Location: Application Technology ResearchTitle: Reducing ground and airborne drift losses in young apple orchards with PWM-controlled spray systems
|SALCEDO, RAMON - The Ohio State University|
|OZKAN, ERDAL - The Ohio State University|
|FALCHIERI, DAVIDE - Innovation In Crop Protection|
|ZHANG, ZHIHONG - Kunming University Of Science And Technology|
|WEI, ZHIMING - Shandong Academy Of Agricultural Sciences|
Submitted to: Computers and Electronics in Agriculture
Publication Type: Peer Reviewed Journal
Publication Acceptance Date: 8/11/2021
Publication Date: 8/21/2021
Citation: Salcedo, R., Zhu, H., Ozkan, E., Falchieri, D., Zhang, Z., Wei, Z. 2021. Reducing ground and airborne drift losses in young apple orchards with PWM-controlled spray systems. Computers and Electronics in Agriculture. 189. Article 106389. https://doi.org/10.1016/j.compag.2021.106389.
Interpretive Summary: In apple orchards, constant rates are commonly used to apply chemicals with little consideration of tree canopy characteristics and planting patterns. This practice is inefficient and has led to excessive pesticide waste through off-target loss to the ground and airborne spray drift in the air. The waste is even greater for applications in orchards with younger trees. The pulse width modulation (PWM) technology has been recently incorporated into conventional and intelligent orchard sprayers to improve pesticide application efficiency. In this research, two different PWM spray systems were integrated in the conventional sprayer to treat young apple trees. The two systems were a manual-controlled PWM system generating a constant-rate application, and a laser-guided intelligent spray system to automatically provide variable-rate applications. They were tested for the potential reductions in off-target losses in orchards with young trees. Compared to the standard constant-rate spray system with comparable foliar deposition quality, the laser-guided spray system reduced the total airborne drift by 90.3% and total ground loss by 85.0% while the manual-controlled PWM system reduced the total airborne drift by 84.1% and ground loss by 7.9%. However, the laser-guided spray system used 67% and 76% less spray volume than the manual-controlled PWM system and the standard constant-rate spray system, respectively. The PWM technology improved application efficiency to treat two or more rows of trees with a single spray pass, and also reduced variations in the relationship between foliar deposition and spray drift loss. Thus, the research finding suggested that growers could use the new technology to spray two or more rows simultaneously with a single spray pass to reduce pesticide use, save spray time, and minimize the off-target damage to the environment.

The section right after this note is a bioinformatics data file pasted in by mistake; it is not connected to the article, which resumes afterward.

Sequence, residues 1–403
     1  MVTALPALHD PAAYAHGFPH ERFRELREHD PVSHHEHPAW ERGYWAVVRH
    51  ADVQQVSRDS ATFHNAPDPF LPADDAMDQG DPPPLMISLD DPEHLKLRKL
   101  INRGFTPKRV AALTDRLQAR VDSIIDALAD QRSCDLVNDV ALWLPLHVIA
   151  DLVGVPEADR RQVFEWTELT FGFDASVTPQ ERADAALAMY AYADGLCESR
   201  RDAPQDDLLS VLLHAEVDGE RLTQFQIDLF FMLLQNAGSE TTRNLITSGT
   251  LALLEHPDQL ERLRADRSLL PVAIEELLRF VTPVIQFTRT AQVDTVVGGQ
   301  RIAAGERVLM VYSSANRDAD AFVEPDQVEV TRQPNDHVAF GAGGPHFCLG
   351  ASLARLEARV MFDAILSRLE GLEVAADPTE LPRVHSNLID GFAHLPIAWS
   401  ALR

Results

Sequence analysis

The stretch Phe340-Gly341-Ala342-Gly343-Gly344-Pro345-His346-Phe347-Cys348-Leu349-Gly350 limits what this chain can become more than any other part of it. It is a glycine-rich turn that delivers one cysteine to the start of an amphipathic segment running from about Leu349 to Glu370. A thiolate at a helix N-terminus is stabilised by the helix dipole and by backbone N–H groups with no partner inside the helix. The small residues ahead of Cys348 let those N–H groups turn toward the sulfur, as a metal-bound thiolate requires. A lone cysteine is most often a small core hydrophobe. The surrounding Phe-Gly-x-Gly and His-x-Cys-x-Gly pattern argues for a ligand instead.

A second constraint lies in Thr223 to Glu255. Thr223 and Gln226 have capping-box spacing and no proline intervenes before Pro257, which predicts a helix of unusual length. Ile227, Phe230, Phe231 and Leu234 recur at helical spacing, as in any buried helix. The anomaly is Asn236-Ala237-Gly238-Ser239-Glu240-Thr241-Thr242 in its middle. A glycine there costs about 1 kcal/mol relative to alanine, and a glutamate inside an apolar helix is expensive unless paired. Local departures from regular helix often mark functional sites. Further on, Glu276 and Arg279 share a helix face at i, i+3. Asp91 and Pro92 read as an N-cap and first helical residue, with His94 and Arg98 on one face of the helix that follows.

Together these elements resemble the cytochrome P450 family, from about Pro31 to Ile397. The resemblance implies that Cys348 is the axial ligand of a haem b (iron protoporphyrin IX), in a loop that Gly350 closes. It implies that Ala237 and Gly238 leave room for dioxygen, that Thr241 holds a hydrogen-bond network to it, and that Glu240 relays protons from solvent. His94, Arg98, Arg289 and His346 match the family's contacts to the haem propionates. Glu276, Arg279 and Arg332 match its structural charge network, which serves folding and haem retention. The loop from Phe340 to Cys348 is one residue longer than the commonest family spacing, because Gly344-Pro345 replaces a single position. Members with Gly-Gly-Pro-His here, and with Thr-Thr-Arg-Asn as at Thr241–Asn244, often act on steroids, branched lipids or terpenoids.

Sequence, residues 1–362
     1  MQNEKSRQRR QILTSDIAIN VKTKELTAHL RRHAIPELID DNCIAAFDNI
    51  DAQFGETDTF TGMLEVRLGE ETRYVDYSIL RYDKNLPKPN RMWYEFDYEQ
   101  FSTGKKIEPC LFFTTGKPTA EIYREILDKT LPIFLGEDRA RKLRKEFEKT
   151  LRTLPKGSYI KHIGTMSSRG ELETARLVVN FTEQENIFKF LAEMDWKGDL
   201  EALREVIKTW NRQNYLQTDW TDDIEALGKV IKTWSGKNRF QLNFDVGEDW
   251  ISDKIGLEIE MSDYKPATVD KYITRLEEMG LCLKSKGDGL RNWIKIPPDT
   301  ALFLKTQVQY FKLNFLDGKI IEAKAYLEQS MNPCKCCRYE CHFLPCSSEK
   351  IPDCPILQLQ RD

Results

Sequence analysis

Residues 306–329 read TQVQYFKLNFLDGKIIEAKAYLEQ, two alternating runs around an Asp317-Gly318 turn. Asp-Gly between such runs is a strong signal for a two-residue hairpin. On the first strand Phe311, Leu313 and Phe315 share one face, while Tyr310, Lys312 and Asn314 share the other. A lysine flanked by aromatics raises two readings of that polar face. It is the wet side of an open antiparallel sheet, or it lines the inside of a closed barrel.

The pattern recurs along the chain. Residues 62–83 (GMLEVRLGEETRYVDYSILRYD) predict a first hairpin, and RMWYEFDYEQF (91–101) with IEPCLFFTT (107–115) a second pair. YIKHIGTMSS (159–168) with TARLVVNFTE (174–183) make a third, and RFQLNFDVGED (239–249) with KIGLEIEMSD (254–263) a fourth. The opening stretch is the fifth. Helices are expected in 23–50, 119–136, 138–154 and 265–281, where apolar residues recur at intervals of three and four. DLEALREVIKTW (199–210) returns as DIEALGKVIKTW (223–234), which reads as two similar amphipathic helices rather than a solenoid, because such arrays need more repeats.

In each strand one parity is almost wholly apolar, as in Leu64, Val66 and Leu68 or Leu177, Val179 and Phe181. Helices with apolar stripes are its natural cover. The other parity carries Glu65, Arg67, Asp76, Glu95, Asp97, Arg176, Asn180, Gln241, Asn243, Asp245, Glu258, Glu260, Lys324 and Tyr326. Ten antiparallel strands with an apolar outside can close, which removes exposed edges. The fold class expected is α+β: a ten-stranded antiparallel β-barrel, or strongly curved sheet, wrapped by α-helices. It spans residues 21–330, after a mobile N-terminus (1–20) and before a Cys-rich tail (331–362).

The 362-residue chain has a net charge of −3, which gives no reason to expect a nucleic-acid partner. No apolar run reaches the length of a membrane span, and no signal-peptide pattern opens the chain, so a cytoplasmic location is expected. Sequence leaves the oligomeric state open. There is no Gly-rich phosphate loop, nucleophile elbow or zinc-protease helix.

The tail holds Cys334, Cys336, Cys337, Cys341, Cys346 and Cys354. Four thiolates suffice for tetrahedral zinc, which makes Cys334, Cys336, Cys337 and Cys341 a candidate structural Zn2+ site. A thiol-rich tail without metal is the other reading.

Technical Abstract: Pulse Width Modulated (PWM) solenoid valves can be used to control nozzle flow rates for precision spray applications to reduce pesticide use, thereby reducing environmental risk and production cost. Field tests in a two-year-old young apple orchard were conducted to investigate spray losses to the ground and in the air for an air-blast sprayer equipped with three spray systems: 1) manually controlled constant-rate system enabled with the PWM spray system (Manual-PWM), 2) laser-guided variable-rate system enabled with the PWM spray system (Laser-PWM); and 3) conventional constant-rate system with disabled PWM valves (Disabled-PWM). Artificial targets (plastic plates and water sensitive papers) were placed under twelve trees randomly selected from four rows of the orchard to collect spray losses to the ground. Airborne spray losses were determined by using nylon screens, mounted at five heights on each of seven poles distributed at different distances from the first sprayed row. Laser-PWM and Manual-PWM produced significantly lower airborne and ground spray drift losses inside and outside the orchard than Disabled-PWM, and these losses decreased significantly as the distance away from the first sprayed row increased. Laser-PWM reduced the total airborne drift by 90.3% and total ground loss by 85.0% compared to Disabled-PWM whereas Manual-PWM decreased the same airborne and ground drift by 84.1% and 7.9%, respectively. Disabled-PWM produced detectable airborne losses that reached 88.4 m away from where the sprayer was operated. Thus, the air-blast orchard sprayer equipped with PWM solenoid valves controlled by either automatic laser-guided system or manual system would have great potentials to improve pesticide application efficiency with significant reductions in both pesticide consumption in young apple orchards, and off-target drift loss to the environment.